Showing posts with label Sequart Organization. Show all posts
Showing posts with label Sequart Organization. Show all posts

Monday, January 14, 2019

Speculative Living

How I feel irl
One of my co-conspirators, Melissa Milazzo, at Sequart Organization released her book (which was really cool) this past week. Please buy it if you can! I remember her first few articles exploring the series and they were absolutely incredible.

Concerning the above, I don’t get to see this often enough, that is, the completion of a long term project. I know myself that the second draft of my second novel should be done next week. This has been a long time coming and I am ready for a break. Specifically one long enough to read my back log of books. These last few months have been stressful. Holidays, certifications, stress management training, et al. All I really want to do is curl up on my couch and finally finish Umberto Eco’s Inventing the Enemy. (Holy shit-balls! Buy it you plebians!)

This past month, I received as payment for passing my first major IT certification from my boss the Absolute Transmetropolitan Volumes 1-3. The pitch of Transmetropolitan alone is enticing, but the execution is really cool: in the distant future a gonzo journalist cover the sprawling subcultures in a pan-continental future city, known simply as “The City.” The series emphasizes the strength of the speculative fiction genre, which revolves around the dissection of current issues, juxtaposed to multiple hypothetical settings. Even though Transmetropolitan ran from 1997 to 2002, the series covers a multitude of issues affecting us, the American people, as we speak. Its execution is almost prescient! Though the ending was anticlimactic, the sum of its parts highlights the beauty of society and its vastness. That there could be such a thing surprises us, but it’s always nice to be reminded.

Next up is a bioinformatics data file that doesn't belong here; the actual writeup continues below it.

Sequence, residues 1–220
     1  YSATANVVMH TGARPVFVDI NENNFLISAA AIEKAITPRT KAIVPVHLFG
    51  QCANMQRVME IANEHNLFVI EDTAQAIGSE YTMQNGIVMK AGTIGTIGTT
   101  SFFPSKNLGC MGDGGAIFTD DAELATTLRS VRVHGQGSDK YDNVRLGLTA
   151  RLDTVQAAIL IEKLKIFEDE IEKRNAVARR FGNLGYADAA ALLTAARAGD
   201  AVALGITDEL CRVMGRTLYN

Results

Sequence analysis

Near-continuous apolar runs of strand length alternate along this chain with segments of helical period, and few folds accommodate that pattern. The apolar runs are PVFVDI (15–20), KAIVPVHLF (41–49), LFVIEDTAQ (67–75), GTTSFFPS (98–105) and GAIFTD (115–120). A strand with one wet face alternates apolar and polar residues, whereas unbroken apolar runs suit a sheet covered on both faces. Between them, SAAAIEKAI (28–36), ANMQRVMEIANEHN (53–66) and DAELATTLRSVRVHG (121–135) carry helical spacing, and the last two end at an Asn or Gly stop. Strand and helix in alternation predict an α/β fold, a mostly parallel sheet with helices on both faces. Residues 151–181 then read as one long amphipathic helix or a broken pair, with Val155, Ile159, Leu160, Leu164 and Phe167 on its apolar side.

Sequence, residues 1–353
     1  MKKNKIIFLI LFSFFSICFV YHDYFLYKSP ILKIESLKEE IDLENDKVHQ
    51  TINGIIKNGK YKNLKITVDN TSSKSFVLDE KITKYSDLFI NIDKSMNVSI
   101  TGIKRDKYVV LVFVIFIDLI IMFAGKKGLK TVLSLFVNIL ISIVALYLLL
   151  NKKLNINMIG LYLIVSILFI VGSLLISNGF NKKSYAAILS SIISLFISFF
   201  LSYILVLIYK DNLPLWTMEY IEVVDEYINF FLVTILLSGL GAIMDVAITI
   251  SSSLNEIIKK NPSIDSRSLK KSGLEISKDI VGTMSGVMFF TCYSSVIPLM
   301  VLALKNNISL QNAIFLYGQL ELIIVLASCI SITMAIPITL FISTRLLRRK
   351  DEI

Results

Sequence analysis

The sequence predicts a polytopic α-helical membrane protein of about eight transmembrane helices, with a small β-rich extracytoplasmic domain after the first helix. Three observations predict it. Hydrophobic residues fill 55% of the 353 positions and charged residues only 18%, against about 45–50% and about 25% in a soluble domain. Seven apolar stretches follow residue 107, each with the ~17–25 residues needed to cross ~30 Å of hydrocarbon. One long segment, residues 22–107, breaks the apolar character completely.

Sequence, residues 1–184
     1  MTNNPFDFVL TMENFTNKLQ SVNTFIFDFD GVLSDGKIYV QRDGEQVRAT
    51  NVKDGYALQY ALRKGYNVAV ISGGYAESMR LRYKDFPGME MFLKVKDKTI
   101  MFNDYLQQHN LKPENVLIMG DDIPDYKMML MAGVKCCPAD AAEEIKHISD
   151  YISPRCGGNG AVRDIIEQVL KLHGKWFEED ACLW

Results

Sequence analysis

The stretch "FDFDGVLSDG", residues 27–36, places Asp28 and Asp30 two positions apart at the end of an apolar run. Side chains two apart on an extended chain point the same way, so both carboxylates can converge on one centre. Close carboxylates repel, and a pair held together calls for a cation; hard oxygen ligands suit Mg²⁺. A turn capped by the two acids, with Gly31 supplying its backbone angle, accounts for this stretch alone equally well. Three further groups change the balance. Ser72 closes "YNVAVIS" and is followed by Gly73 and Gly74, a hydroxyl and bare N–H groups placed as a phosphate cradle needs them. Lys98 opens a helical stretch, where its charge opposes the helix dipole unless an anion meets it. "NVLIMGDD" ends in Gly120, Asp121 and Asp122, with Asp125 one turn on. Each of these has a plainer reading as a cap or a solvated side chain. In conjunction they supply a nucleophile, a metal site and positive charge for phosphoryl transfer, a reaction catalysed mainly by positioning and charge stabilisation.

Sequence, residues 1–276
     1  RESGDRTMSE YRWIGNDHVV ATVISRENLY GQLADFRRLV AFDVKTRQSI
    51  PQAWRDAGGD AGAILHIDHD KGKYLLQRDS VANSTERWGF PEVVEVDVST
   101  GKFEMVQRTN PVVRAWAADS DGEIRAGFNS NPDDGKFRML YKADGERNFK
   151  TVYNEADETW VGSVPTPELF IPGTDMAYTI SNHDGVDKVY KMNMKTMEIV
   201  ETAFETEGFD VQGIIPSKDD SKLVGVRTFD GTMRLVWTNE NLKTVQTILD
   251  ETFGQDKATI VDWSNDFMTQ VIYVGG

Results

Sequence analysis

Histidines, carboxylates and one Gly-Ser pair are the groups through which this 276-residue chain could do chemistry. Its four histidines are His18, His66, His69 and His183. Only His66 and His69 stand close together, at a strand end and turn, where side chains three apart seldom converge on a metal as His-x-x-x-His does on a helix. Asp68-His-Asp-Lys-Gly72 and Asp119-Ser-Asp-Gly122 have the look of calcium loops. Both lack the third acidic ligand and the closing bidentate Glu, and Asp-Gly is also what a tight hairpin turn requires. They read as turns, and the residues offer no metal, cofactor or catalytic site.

That is why we (Desmond and I) started Rune Bear. The truth lies in the weird and the strange, truly. Everything is so bedazzled in consumerism and commercialism, that "reality" has become fake. Globalism, for all its goal of unifying people, only means (practically) that our goods are made by slaves that we cannot see and wars are localized, compartmentalized, and spectated. Speculative fiction uncovers the disparities at work in society. The City of God is so far away, while the City of Man is on fire and gilded with rancid Trump Steaks.

Desmond and I have fun though. Weird is fun.

I think the joy we make of it comes from the implicative nature of the stories we receive. Seeing the world as it could be forces us to reflect on the present and ask the poignant question, “is this how it has to be?”

Recently, I should announce, I was able to go an entire week without taking my clonazepam. It's a huge milestone for me and it feels good to not have to rely on my "get-out-of-jail" pill to weather the anxiety storms. Someday I hope to stop taking Zoloft also, but I'll cross the bridge when I get there.

New Year. New Life. Exciting things are afoot and I can't wait to share them with you!

Monday, October 17, 2016

Sequart Memories